So why are American journalists hesitant to speak up for Assange? There are essentially three reasons.
1. Refusal to engage in advocacy: American journalists, unlike many of their foreign counterparts, have a strong commitment to objectivity and nonpartisanship...
A man is arrested and detained for months without any charges being brought against him. He is being held in deplorable conditions, forced to endure extreme physical and mental distress. He is exposed to the same ‘torture’ tactics that other enemies of the United States have allegedly suffered through.
So why isn’t the Commander-in-Chief taking heat for this travesty of justice?
Because this isn’t the Bush administration.
Firedoglake blogger, David House, has been detailing a recent visit with Bradley Manning, accused of leaking classified documents to Wikileaks, at a military prison at the Quantico Marine base in Virginia (h/t Weasel Zippers). Of course, House bemoaned the ‘inhumane’ treatment of Manning, describing the toll that months of solitary confinement have taken on his physical and mental well-being.
AFP ran with the story and made it clear that they had no intention of offering a balanced report. In fact, viewing the headline, one would never know that the story came from an extremely liberal website, reading more as fact than a slanted accusation.
You just can't make this stuff up. According to the Times of London (subscription required), Julian Assange is angry at the UK Guardian for publishing details of sexual assault allegations against him based on…wait for it…a leaked police report. Stones, glass houses, etc.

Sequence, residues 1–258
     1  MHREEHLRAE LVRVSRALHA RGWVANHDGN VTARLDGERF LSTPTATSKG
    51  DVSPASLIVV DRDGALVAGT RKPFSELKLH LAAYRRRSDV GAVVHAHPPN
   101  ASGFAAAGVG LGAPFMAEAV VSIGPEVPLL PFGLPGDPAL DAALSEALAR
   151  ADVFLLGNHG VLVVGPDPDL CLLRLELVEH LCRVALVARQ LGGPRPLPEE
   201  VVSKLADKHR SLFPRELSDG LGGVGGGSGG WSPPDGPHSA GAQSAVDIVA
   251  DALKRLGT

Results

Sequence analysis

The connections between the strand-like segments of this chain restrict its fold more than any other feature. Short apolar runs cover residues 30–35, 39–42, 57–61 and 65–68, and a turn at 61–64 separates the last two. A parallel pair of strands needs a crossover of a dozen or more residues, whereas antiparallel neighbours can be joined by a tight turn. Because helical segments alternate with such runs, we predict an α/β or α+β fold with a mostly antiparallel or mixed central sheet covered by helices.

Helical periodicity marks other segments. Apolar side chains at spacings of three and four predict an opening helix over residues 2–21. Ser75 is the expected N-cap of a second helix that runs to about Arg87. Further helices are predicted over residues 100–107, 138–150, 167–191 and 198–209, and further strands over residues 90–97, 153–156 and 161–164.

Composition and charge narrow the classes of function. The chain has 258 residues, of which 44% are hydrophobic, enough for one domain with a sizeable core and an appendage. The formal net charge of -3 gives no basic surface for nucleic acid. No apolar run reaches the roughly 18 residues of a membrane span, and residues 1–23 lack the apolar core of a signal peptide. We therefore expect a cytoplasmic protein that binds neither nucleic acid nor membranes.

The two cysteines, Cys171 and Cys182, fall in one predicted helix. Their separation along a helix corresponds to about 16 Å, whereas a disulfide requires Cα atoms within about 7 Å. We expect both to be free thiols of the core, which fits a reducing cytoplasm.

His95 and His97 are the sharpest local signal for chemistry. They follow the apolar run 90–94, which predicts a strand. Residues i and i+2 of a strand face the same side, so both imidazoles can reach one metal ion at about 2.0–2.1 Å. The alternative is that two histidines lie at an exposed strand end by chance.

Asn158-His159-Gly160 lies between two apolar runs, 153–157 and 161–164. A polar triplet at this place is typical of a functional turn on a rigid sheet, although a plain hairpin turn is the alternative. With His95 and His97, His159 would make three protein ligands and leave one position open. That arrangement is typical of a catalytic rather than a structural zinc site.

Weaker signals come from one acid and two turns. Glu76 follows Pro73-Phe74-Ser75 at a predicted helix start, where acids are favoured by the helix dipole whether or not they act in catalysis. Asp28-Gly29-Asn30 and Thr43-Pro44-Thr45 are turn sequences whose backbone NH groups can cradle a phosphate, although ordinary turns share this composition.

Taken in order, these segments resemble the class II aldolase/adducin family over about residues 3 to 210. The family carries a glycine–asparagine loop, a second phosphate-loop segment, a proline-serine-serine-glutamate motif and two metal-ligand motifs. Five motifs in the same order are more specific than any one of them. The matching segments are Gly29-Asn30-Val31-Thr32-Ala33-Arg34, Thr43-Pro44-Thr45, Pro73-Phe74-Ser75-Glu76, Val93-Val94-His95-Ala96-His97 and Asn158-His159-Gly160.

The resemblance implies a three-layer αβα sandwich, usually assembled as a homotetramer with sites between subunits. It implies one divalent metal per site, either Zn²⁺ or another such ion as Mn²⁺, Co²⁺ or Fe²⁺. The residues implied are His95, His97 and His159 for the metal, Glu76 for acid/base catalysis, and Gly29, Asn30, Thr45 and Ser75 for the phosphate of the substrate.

Assange is especially peeved, the Times reported, that the Guardian "selectively published" details of that report. Gee, you mean that publishing only sensational excerpts of leaked private information might present an incomplete and misleading narrative to the paper's readers that could damage the reputations of those involved? You don't say.
While NBC on Tuesday focused on the "funny" and "intelligent" side of WikiLeaks founder Julian Assange, Nightline's Brian Ross conducted a tough, hard-hitting investigation into the questionable finances of the man attacked by colleagues as a "dictator."
Ross used the December 14 ABC program to raise questions about "what's happened to the group's money" and to highlight former colleagues who say Assange "has turned the website into a cult of personality."
While many of the individuals Ross talked to were just as committed to Assange's leftist cause of leaking military documents, they did raise serious accusations about the organization's finances. [MP3 audio here.]
Poor Julian Assange. He has celebrities lining up donations to get him out of a British jail, and now, the Atlantic reports, he'll be staying at a massive Kent Suffolk manor owned by, you guessed it, a prominent British journalist (well, his parents, really).
NBC's Peter Alexander, on Tuesday's Today show, decided to explore the softer side of WikiLeaks founder and purveyor of U.S. state secrets Julian Assange as he interviewed an investigative journalist from Oxford University who found him to be "funny, intelligent" and "not at all...rigid" and also aired a clip of Assange's mother speaking up for her son as she demanded that the world "stand up for my brave son."
In fact Alexander never aired a clip or interviewed any one who had a negative word to say about Assange but he did reveal some postings Assange allegedly made to an Internet singles site as Alexander reported: